NOAA Ocean Service Education banner



" "

Currents

 

How Are Currents Measured? 1 2 3 4 5 6

arrow back to previous page arrow forward to next page

High frequency radar antenna used to measure direction and speed of ocean surface currents.
 
This antenna uses high frequency radar to measure the direction and speed of ocean surface currents. Click on the image for a larger view.
image bar
 
HF Radar plot of ocean surface currents.
 
This plot of ocean surface currents was created using shore-based high frequency Radar. Click on the image for a larger view.
image bar

Shore-based Current Meters

Shore-based current meters employ radio antennas and high frequency (HF) Radio Detecting and Ranging systems (radar) to measure surface ocean currents. Following the same premise of the ADCP, these shore-based instruments use the Doppler effect to determine when currents are moving toward or away from the shore. If a wind-driven current is moving toward the shore, the return signal is at a high frequency. If the wind-driven current is moving away from shore, the return signal is at a low frequency. Scientists also use these measurements to determine the velocity of the current. When two or more radar antennas are used, a scientist can calculate an entire field of surface current velocities for thousands of points. Using this data, the scientist can produce a “map” of surface currents for a large coastal area.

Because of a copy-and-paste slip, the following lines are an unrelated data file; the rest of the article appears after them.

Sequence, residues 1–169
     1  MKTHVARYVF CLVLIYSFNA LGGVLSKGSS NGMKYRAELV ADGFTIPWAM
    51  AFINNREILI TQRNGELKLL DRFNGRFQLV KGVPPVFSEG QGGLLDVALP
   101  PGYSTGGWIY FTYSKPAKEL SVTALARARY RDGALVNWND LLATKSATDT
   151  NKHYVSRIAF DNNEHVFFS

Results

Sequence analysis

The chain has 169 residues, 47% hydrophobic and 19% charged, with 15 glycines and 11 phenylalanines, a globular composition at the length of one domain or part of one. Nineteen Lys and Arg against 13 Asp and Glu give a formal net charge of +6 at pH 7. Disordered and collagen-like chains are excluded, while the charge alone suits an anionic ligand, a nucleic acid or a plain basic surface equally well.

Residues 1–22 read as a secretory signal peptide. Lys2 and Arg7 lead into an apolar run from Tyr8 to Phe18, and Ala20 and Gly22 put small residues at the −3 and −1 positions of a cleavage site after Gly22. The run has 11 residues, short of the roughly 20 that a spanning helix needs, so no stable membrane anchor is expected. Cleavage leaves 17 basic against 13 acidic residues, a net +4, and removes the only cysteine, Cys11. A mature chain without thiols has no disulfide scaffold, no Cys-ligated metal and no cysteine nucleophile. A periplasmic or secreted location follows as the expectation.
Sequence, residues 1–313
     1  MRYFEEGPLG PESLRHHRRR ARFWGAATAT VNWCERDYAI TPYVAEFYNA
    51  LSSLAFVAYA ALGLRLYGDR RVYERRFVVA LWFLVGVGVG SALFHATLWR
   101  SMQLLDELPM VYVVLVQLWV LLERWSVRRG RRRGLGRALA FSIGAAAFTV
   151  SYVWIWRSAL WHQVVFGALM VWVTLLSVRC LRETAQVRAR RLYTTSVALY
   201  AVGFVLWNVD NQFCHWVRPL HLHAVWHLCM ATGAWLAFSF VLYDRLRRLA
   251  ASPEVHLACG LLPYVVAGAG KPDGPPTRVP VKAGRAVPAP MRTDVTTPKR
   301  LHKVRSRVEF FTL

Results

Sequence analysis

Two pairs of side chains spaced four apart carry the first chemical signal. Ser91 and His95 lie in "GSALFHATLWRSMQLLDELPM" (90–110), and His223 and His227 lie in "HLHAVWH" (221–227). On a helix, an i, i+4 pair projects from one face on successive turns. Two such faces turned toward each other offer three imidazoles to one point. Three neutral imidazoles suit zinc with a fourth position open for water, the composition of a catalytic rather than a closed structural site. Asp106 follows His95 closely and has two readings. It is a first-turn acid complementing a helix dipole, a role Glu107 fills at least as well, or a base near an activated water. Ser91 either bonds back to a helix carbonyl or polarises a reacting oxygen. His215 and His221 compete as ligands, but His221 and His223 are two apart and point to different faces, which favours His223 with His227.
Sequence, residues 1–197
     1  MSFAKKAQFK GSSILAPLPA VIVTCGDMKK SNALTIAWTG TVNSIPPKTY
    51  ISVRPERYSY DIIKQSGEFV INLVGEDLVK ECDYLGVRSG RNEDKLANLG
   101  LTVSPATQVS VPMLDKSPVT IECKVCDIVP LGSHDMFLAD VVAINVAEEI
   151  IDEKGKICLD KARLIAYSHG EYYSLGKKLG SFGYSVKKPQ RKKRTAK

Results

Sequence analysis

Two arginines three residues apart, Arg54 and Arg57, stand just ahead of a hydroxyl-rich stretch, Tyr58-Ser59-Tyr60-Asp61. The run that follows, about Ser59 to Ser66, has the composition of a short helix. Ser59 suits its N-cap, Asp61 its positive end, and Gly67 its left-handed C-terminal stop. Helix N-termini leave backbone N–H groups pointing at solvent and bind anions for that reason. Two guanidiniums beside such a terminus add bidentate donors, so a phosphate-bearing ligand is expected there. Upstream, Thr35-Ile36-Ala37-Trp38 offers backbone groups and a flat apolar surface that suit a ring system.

Back to 1 2 3 4 5

arrow back to previous page  (top)  arrow forward to next page



 

" "